’30 Mosques in 30 Days’: Two young Muslims’ journey across America

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A 13,000-mile road trip visiting mosques across the U.S. didn’t tire Aman Ali and Bassam Tariq.

The two Muslims delivered an energetic and candid presentation of their journey Tuesday in Watson Forum. During last year’s Ramadan, the Islamic month of fasting, the two men ended their daily fast at a mosque in a different state.

Junior Muska Fahim, president of the Muslim Student Association, helped organize Tuesday’s event along with the International Student Association, The Compton Center for Peace and Justice, the Brown Cultural Resource Center and the conflict studies department.

“I hope we understand a different view of Islam through their experience,” Fahim said as she introduced Ali and Tariq.

Junior Kiran Wadia, secretary of MSA, said she felt the effect of the men’s story, just as Fahim hoped attendees would.

“The presentation was really informative, the speakers were funny and they made it fun,” Wadia said. “It exceeded my expectations.”

After visiting 30 mosques in New York during Ramadan 2009, Ali and Tariq decided to pursue a second tour. During Ramadan 2010, they visited 30 mosques in 30 different states.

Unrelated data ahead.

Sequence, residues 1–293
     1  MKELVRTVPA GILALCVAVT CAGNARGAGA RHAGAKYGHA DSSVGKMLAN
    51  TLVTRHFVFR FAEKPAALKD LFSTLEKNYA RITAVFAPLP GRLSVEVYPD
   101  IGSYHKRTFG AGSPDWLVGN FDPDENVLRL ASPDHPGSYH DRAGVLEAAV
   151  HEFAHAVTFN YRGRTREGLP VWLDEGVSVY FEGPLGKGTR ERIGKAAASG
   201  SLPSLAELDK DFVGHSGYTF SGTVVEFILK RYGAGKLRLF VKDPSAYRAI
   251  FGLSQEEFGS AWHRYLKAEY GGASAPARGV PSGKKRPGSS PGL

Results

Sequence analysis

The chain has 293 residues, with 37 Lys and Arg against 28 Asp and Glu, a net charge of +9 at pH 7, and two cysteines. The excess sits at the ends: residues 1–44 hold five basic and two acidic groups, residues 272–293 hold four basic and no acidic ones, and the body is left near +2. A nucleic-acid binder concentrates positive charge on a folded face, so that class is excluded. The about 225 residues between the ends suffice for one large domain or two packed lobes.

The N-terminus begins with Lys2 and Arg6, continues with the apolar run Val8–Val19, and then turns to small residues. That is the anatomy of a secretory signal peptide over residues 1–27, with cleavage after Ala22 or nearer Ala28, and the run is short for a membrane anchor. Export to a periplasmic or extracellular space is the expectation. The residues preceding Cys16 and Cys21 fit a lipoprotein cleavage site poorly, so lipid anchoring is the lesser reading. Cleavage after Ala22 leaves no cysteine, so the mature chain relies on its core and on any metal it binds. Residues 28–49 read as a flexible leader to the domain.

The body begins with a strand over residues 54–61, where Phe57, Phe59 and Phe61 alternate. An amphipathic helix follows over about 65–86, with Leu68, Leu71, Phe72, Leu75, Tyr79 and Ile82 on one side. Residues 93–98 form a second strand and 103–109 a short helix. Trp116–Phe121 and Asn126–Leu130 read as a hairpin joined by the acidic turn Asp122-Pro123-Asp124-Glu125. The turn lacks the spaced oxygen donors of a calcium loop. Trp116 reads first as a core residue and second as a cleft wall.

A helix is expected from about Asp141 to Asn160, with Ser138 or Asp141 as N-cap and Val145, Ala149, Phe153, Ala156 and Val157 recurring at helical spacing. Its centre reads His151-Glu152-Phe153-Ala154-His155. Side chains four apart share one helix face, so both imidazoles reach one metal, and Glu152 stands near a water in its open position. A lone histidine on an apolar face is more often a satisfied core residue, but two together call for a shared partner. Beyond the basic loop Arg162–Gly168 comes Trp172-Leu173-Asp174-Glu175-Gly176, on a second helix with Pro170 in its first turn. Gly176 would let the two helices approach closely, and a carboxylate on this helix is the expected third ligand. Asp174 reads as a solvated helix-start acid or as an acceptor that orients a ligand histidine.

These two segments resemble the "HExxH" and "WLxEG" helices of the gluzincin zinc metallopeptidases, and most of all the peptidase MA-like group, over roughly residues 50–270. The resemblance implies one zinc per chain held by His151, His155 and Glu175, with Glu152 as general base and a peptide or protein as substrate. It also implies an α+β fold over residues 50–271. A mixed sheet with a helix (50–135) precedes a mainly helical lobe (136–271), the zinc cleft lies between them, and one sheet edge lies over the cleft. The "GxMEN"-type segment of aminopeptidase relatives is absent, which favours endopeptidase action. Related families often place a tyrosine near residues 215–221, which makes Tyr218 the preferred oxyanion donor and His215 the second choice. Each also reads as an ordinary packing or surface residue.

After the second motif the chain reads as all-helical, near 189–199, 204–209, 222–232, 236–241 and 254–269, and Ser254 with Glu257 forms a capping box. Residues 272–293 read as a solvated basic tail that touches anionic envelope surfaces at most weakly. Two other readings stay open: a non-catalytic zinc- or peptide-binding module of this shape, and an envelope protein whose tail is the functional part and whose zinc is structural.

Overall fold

The goal the project was to share Ramadan with a different Muslim community every day and to tell stories about Muslims through their online blog, 30mosques.com.

Ali and Tariq reached out to family, friends and complete strangers through social media. They announced their 2010 plans on Twitter and raised $6,000 through Facebook toward their trip.

“It’s other people who made this project as big and beautiful as it is,” Ali said.

The men began their month-long journey at the site controversial “Ground Zero mosque” in New York City and spent the rest of their trip staying with Muslim community members in diverse places such as Jacksonville, Fla., Mobile, Ala., and Las Vegas.

The trip became meaningful for Tariq when the pair arrived in Ross, N.D.

“When we finally got to a community that nobody really knew, I think it was sort of the point I felt like we were on to something, like this was more important than two dudes on a road trip,” Tariq said.

While on the road, Ali and Tariq followed a fast-paced schedule. They awoke before sunrise to drive to their next destination, usually four to six hours away. At each visit, they spent a lot of time talking to other Muslims and blogging about their experiences.

Upon completing the 30-day road trip, Ali and Tariq decided to share their story by visiting college campuses, including Harvard University, Duke University and The University of North Carolina at Chapel Hill. Given that they are in their 20s, they believe that they can relate to college students.

“We want to just continue the dialogue,” Ali said. “Even though this happened at Ramadan, we don’t really feel this is a novel holiday kind of thing. This is something that’s really meant throughout the year.”

Ali said that speaking at colleges has helped him navigate his feelings about the trip.

“The physical road trip is over, but the mental and spiritual one has just begun for me as I’m getting time to reflect,” he said.

But the end of the physical road trip is only temporary. Ali and Tariq are already planning their next ambitious journey — 30 mosques in 30 countries.